CASE 1. The case of pug with the swollen male private part.
The lady owner who has nursing knowledge apologised for phoning me on Saturday and said: "Remember my pug with the urinary stones? But now, my pug has a big swollen penis for some time. He could be humping. Is it serious? Will he recover with time? What is the cause? It can't be urinary tract infection as his urine is OK."
This is the type of question that is very difficult to answer. If I said yes and the pug self-mutilated his penis by further licking causing bleeding, I would get an unhappy owner who would lose confidence in my judgment. So, it was wiser to get her to bring the pug for examination and treatment to bring down the penile engorgement.
"I don't know," I said. "It is best to send the pug down for treatment."
The pug was still having the big swelling when the lady brought him to consult Dr Jason Teo who was on duty on Saturday. His injection brought down the swelling. I did advise collection of urine for analysis and hospitalisation for one day. It would be negligent not to do so.
Urine test showed no bacterial infection or urinary crystals with the pH being 6.5. However blood in the urine was 4+ (a lot) and there were protein casts.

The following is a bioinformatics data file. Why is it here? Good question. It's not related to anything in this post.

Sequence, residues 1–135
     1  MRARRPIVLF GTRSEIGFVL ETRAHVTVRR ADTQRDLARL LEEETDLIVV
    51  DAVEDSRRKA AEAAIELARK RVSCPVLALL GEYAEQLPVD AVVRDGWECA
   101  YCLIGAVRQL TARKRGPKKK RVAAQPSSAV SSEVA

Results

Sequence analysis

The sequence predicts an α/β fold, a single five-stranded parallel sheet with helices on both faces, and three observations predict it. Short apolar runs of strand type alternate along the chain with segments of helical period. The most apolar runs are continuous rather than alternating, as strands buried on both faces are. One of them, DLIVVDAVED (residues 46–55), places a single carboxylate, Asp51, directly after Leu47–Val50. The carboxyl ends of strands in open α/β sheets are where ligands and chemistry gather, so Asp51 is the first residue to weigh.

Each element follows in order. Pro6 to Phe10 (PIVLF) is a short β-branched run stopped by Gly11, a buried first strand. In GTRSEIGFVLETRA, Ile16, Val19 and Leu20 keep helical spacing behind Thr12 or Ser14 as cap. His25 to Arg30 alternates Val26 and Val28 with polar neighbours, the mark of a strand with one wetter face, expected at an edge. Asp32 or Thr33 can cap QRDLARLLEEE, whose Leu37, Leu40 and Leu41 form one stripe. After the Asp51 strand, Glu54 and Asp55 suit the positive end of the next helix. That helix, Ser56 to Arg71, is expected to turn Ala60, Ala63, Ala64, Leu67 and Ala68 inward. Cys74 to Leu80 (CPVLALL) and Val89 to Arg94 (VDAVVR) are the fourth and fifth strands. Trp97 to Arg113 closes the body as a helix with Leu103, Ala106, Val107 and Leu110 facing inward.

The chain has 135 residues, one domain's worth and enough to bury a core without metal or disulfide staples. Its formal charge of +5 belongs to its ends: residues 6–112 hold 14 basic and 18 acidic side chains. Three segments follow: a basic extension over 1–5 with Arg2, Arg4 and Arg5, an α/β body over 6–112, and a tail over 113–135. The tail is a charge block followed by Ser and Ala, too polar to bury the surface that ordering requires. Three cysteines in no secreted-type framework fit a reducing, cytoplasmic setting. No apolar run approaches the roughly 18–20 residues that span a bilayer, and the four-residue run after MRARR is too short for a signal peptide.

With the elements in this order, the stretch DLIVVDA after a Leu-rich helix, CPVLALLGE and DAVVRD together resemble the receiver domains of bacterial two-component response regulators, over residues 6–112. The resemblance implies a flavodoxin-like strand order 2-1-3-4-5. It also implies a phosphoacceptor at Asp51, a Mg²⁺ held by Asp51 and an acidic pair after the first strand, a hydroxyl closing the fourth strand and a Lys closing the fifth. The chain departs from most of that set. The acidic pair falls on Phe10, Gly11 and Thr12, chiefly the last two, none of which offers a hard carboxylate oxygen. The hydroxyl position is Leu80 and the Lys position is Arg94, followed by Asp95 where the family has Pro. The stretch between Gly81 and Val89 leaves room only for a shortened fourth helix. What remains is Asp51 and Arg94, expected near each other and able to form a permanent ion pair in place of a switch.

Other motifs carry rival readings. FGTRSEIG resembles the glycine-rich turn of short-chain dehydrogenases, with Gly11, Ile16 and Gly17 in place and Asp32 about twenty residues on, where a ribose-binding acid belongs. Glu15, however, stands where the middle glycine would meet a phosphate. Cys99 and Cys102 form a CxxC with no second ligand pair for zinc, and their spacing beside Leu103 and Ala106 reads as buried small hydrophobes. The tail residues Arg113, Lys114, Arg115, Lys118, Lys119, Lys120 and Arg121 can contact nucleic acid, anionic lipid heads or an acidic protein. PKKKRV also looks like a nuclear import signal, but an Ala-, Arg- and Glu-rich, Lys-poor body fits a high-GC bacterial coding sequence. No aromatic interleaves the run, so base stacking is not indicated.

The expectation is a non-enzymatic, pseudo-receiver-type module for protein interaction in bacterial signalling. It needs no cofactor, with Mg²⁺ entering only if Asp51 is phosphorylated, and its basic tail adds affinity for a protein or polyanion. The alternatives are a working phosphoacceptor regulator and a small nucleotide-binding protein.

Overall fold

So, what was the problem? Self-stimulation? Kidney trauma causing bleeding inside the urinary tract?
The dog developed fits during hospitalisation. So, could the dog have injured his penis when he had fits or penile engorgement due to fits? Since most fits have unknown causes, it was hard to say. I phoned the owner who had not witnessed any fits said: "So the cause was due to fits."
This was a strange case. I did advise neutering but she would not do it.
CASE 2. Left thyroid malignant tumour.
The couple had this Beagle for 15 years. When she was not eating properly, he sent to me for dental scaling last month. Then, last week, he showed me the video of the dog gulping and "snorting" after swallowing. A left throat lump, the size of a 50-cent coin